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Runway Safety Technology Deployment at Risk Due to FAA's Short-Sighted Budget Cuts - (9/23/2004)

WASHINGTON – Turning a blind eye to one of its very own performance goals, the Federal Aviation Administration is dramatically slowing the deployment of a key piece of equipment designed to reduce the threat of runway accidents, providing more proof that the agency’s haphazard cuts to its modernization budget are affecting aviation safety.

The equipment, Airport Surface Detection Equipment-Model X (ASDE-X), provides air traffic controllers with an all-weather, seamless airport surface surveillance system that uses both radar and a process of determining a target location in two or three dimensions called multilateration.

The ASDE-X program was originally scheduled to be completed in 2007, but due to FAA budgetary decisions, only 15 of the scheduled 34 sites will have received ASDE-X by then. In the next fiscal year, only two airports will receive ASDE-X; Houston Hobby and Charlotte Douglas International, while only three sites will have it in fiscal year 2006 and five others in fiscal year 2007.

“We have a tool designed to aid the air traffic controller in reducing the threat of runway accidents and the FAA has a goal to reduce serious runway incursions. The FAA and NATCA agree that ASDE-X would be of great benefit to the safety of the aviation industry, yet at the same time, the budget and deployment of this tool is threatened,” National Air Traffic Controllers Association Director of Safety and Technology Doug Fralick said. “This just does not make any sense whatsoever.”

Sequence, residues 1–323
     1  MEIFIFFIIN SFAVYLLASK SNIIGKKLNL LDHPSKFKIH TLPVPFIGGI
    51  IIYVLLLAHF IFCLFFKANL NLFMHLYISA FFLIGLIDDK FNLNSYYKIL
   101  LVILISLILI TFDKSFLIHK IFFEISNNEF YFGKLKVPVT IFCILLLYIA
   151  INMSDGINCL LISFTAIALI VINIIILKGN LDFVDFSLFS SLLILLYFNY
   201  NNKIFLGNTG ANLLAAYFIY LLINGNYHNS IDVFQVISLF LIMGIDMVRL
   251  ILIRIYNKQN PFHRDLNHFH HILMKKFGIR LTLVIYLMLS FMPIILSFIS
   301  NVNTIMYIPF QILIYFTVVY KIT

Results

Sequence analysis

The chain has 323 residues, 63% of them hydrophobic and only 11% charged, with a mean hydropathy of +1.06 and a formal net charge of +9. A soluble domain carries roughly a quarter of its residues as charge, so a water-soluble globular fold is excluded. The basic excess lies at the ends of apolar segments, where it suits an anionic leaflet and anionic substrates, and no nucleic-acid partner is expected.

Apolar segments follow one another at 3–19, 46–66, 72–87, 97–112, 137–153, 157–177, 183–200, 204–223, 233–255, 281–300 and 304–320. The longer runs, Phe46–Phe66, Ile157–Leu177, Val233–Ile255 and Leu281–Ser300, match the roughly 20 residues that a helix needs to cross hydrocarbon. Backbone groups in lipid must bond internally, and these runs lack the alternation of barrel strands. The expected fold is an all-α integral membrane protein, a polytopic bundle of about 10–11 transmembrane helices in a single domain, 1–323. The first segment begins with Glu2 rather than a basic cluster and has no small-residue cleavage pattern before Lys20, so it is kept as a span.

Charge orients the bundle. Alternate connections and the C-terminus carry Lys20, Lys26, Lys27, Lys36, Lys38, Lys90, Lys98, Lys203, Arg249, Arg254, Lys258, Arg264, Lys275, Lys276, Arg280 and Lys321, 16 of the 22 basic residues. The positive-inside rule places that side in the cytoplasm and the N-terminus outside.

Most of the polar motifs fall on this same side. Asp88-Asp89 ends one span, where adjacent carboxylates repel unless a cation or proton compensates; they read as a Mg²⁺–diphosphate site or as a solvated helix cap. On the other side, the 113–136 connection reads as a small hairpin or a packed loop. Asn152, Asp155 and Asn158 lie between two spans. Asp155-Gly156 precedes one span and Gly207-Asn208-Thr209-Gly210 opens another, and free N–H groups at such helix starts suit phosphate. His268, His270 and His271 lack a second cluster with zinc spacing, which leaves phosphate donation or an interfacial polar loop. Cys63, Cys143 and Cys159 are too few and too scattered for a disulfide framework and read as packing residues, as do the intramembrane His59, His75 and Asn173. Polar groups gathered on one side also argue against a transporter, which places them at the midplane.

In addition, the majority of the ASDE-X installations and testing dates have been pushed back to 2008 and 2009 when there is no funding allocated for fielding this equipment. As it is, the program has had its budget cut $20.2 million for fiscal year 2004 and fiscal year 2005.

“It’s been nearly a decade since NATCA proposed the idea of a low-cost surface surveillance system for mid-size airports. This idea evolved into incorporating the data from the runway safety technology already in place at 34 larger airports,” Fralick said. “Considering that runway incursions remain one of the National Transportation Safety Board’s most important concerns and are keeping the FAA from achieving all of its safety performance goals, the last thing the FAA should do is turn its back on ASDE-X and miss a crucial opportunity to seriously tackle the issue of runway safety.”

Despite frequent assurances to NATCA that all sites on the original ASDE-X deployment plan would be funded, two in fact, Reno/Tahoe International Airport and San Juan-Luis Munoz Marin International Airport, have no funding. In order to receive the ASDE-X systems they were promised, these two airport authorities will have to apply for Airport Improvement Program funding and pay 25 percent of the cost themselves.


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